Posted in Advertising, Censoring, Sex, Societal Values, Violence, YouTube, tagged Advertising, policy, Sex, Violence, YouTube on July 20, 2009|
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YouTube has recently begun changing their policies on the kind of sex and violence that their users may or may not upload onto the site. Currently, YouTube’s ‘new upload’ page has a message that reads like this:
Important: Do not upload any TV shows, music videos, music concerts, or commercials without permission unless they consist entirely of content you created yourself.
Within the Community Guidelines, YouTube says to users:
Graphic or gratuitous violence is not allowed. If your video shows someone getting hurt, attacked or humiliated, don’t post it.
This is an extremely interesting turn of events. As blogger Jackson West recorded in his blog NewTeeVee.com, in 2007 Google had recently purchased YouTube and suddenly the policies of the site changed from letting the user do what they want to what West calls “Violence up, boobs down.” The site was garnering a lot of attention from the media for videos depicting gangs, and violence. This was seemingly a world that many individuals had not been privy to before the invention of YouTube.
Now, it’s not like violence on YouTube is no longer newsworthy. In fact, many school yard fights are still uploaded to YouTube. Then the media follows, beginning with character interviews straight through to sentencing and the forced apology videos posted to YouTube.
If the media is still interested and the public is using it for educational purposes, why the ban on violence when the gratuitous sex issue was resolved by using an age verification system. Why should violence be different?
I ask these questions not because I am pro violence, and not because I’m glad sex is still allowed on YouTube – on the contrary, actually. However, YouTube has become a mass media outlet for the consumer. YouTube has created a medium for the average individual to speak to the world in any way they see fit – the creation of the prosumer (producer-consumer). The more limits that are put on what can and cannot be posted lessen the volume of the prosumer’s voice in the mass media market. We all know that sex sells. We all know that the shock value from violence grabs the attention of the viewer. Without these core aspects of advertising, prosumer videographers will have to find new ways to grab the viewers’ attention. But how will the new ‘shock values’ fare against the mass media’s sex and violence? Things are not looking good for the prosumer.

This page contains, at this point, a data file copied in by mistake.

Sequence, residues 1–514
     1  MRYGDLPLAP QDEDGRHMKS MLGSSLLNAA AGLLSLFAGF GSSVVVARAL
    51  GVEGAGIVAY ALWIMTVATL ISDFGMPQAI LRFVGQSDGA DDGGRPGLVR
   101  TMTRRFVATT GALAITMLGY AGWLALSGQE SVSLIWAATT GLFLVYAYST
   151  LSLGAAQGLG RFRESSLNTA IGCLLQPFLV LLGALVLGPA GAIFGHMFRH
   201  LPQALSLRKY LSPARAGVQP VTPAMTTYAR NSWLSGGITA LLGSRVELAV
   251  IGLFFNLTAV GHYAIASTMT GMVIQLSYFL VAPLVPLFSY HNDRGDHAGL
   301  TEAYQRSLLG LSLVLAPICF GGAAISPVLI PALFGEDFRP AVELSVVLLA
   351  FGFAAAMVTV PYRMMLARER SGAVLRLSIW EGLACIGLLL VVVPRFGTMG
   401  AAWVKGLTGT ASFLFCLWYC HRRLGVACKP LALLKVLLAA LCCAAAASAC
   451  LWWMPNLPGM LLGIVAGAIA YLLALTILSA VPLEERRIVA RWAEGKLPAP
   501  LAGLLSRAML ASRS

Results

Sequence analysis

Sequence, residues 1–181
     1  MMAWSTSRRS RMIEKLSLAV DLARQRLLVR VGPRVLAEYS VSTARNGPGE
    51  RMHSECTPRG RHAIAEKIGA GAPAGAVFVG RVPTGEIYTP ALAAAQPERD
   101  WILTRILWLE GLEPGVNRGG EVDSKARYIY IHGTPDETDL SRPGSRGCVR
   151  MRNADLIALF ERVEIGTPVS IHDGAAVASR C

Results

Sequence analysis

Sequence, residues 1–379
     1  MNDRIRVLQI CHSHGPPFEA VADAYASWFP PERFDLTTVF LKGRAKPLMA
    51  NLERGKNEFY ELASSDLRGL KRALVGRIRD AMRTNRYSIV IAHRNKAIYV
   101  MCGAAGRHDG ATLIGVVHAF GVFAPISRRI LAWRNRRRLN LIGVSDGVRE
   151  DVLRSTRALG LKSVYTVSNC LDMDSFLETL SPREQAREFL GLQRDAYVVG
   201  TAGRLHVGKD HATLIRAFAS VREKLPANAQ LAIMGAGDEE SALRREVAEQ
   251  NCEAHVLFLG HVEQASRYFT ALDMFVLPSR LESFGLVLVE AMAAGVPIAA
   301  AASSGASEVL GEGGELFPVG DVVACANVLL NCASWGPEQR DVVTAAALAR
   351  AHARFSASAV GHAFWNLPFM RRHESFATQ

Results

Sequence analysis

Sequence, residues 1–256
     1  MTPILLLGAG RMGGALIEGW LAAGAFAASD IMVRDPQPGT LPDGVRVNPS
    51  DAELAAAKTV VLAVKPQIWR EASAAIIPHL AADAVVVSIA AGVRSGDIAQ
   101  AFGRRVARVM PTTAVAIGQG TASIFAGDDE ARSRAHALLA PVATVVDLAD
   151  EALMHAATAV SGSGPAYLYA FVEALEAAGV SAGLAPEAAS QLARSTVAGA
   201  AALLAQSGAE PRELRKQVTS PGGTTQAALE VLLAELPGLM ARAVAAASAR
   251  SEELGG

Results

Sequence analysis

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Posted in Advertising, Murder, Societal Values, Violence, Women, tagged Advertising, duncan quinn, male dominance, Murder, Women on July 14, 2009|
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Dr. C. Kay Weaver gives us insight on the topic of violence and gender relations in advertising. Weaver explains,
“Associations with violence provide a key means of targeting audiences along gender lines. Products are promoted to men as enhancing their masculine appeal – with masculinity framed in terms of strength, power, the ability to be forceful, dominant and get what you want. Violent images also play a part in how we make sense of our roles and positions in social culture.”
This advertisement focuses directly on violence towards women and male dominance. There is currently a popular trend on promoting violence within the fashion marketing sectors. In this instance the high-end clothing company duncan quinn is portraying the image of male dominance over this very seductive model. These kind of marketing ploys are degrading towards women and send a skewed message to its recipients. This photo points out how violence against women is glamorized to sell clothing in mainstream fashion.
By society accepting violence in advertisements it promotes the objectification of women. It makes the patriarchal dominance within the industry prevalent. Ideally women are supposed to be seen as equals, but the media consistently promotes ads that undermine the feminist ideology.
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Posted in Advertising, Murder, Societal Values, Violence, Women, tagged Advertising, america's next top model, death, glamour, Jean Kilbourne, Murder, Tyra Banks, Women on July 13, 2009|